doing TODAY and not getting caught in the HYPE of tomorrow

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BlueDragon: Article

A Well-Rounded Package in Juliet

A Well-Rounded Package in Juliet

(The Java client tool Juliet is thoroughly and thoughtfully reviewed in this excerpt from JDJ editor-in-chief Alan Williamson's blog.)

(August 4, 2003) - It was at the end of day 3 at JavaOne and I was tired. I was tired of product pitches, tired of talking, and tired of listening to all the hype. I was collapsed in a chair looking forward to heading over to the JBoss Matrix showing so I could sit in a dark room and not have to speak to anyone without feeling guilty. So it probably wasn't the best time to be coming up to me and trying to pitch me an idea! But someone did! Carlo Walentiny of Infotectonica stepped forward and in a quiet voice give me his standard elevator pitch. I still wasn't impressed or even paying attention I think, but he pushed forward and opened up his laptop to show me a demo of something he called Juliet.

When he opened it up, I woke up out of my trance. I was instantly impressed. I had no idea what the hell it did at that moment because I wasn't really listening before. The GUI wasn't Swing, and it wasn't SWT, it was his own! And man did it look stunning. It was doing some sort of analysis of Java code files, which was taken some time. But the way he fed back this wait to the user was not only innovative but useful. It was at this point I was hooked. Anyone that could put as much care to detail as that, deserved my full attention.

Juliet is a Java client tool that is used to analyze and navigate through source code and tell you things you never knew! It excels on large code bases and when I tried it on the full source code tree for our BlueDragon. I was even more impressed! It gave me back a whole load of useful information such as the number of times a particular method was used, where it was referenced and by whom. I could easily drill down into this information and at each level I was presented with more stats. One of the useful features, was the ability to spot unused methods and constructors. Although some of this information is available through various plugins with many of the IDEs, I found the fact Juliet was standalone a refreshing way to look at my code. I could get myself into the mindset that I was Q&A'ing code and resist the urge to fix small code problems along the way.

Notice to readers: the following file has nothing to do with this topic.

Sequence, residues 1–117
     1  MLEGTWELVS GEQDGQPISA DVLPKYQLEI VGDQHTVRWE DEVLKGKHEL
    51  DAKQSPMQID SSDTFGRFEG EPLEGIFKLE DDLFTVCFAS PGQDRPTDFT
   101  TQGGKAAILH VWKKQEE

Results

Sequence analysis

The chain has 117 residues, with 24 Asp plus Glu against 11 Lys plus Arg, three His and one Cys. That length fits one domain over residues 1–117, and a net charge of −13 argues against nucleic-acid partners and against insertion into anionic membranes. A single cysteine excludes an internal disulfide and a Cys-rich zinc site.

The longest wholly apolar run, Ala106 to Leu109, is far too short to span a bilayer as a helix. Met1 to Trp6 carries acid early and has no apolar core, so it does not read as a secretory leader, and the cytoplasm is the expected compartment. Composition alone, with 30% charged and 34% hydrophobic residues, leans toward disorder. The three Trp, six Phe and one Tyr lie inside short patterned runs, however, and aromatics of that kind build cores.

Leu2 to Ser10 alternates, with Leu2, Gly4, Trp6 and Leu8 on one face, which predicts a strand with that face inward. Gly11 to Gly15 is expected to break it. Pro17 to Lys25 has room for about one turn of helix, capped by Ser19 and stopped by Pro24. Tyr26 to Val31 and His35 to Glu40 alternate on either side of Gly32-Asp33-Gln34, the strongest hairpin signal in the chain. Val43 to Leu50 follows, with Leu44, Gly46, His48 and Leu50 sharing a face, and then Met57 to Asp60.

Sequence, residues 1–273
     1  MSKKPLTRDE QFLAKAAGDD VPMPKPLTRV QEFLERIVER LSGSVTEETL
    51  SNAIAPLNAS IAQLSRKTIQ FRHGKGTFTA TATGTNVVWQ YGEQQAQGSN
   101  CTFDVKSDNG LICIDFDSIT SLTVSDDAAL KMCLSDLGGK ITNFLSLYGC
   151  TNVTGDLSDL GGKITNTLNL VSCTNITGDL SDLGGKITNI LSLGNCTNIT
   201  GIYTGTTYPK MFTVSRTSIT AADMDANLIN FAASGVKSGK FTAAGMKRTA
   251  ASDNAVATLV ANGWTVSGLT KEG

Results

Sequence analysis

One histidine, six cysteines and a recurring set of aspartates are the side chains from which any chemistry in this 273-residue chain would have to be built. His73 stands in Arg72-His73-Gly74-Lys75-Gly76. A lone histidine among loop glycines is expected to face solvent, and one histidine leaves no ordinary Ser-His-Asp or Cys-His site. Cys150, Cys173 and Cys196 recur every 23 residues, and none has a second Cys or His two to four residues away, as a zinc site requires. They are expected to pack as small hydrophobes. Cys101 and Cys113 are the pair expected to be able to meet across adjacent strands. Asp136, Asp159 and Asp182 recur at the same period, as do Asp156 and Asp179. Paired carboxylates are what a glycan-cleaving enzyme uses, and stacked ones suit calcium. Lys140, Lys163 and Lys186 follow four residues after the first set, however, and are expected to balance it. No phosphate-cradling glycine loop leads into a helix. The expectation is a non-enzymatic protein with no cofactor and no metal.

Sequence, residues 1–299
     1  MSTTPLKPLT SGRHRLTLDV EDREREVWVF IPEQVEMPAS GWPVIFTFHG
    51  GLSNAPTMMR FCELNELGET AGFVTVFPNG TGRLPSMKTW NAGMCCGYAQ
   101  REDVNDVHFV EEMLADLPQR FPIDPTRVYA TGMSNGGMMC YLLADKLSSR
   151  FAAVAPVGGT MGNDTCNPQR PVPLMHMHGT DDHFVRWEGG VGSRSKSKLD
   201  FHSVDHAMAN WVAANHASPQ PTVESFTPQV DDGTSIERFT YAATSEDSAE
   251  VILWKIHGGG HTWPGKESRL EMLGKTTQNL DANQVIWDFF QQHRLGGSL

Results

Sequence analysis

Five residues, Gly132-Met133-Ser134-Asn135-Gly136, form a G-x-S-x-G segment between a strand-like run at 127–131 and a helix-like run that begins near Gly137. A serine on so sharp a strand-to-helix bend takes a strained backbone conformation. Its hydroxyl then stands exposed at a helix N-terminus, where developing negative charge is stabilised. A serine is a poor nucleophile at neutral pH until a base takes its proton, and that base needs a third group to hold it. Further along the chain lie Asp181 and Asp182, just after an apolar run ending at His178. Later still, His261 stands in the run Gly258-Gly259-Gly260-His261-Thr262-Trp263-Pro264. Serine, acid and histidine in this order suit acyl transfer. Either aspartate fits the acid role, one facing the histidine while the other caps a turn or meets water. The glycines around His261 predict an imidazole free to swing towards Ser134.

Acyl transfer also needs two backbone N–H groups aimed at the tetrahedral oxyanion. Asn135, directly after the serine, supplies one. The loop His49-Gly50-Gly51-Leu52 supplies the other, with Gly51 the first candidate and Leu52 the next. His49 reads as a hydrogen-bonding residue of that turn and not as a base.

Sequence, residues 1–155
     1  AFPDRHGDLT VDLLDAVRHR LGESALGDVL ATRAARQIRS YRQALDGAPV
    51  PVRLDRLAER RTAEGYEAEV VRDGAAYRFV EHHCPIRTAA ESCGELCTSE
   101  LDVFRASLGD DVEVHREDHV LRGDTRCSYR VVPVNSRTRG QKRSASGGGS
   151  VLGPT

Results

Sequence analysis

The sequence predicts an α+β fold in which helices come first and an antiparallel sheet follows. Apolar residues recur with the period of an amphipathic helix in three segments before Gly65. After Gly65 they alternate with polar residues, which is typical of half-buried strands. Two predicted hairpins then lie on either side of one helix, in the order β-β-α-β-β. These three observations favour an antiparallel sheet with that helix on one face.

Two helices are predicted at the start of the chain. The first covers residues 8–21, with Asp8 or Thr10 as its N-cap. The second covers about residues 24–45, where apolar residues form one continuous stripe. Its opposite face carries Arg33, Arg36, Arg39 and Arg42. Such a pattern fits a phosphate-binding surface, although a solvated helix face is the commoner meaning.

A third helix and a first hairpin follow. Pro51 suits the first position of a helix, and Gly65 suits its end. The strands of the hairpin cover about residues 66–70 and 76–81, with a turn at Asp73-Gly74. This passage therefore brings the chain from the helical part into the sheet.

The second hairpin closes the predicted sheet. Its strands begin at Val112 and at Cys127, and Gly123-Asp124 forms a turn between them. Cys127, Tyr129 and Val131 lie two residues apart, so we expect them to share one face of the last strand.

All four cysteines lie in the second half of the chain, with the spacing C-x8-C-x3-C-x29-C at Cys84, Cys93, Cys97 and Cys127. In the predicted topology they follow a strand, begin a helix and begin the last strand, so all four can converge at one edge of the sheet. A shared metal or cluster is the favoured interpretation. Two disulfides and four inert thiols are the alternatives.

One of the really nice things with Juliet is the interface. A lot of thought has gone into this and it is this that won me over to begin with. The way you organize queries and group results together is very slick and its not long before you are presented with a Venn diagram window to ask you how you wish your results to be merged. Very nice touch.

So who or what is Juliet aimed at? It is an ideal tool for anyone that has to review code changes before they are committed to a CVS branch for example. Also very useful for open-source projects where you want to get a feel for the whole source branch as a whole without necessarily loading into an IDE.

If you need to get up to speed quickly on a sizeable chunk of code, then Juliet is the tool for you.

More Stories By Alan Williamson

Alan Williamson is widely recognized as an early expert on Cloud Computing, he is Co-Founder of aw2.0 Ltd, a software company specializing in deploying software solutions within Cloud networks. Alan is a Sun Java Champion and creator of OpenBlueDragon (an open source Java CFML runtime engine). With many books, articles and speaking engagements under his belt, Alan likes to talk passionately about what can be done TODAY and not get caught up in the marketing hype of TOMORROW. Follow his blog, or e-mail him at cloud(at)

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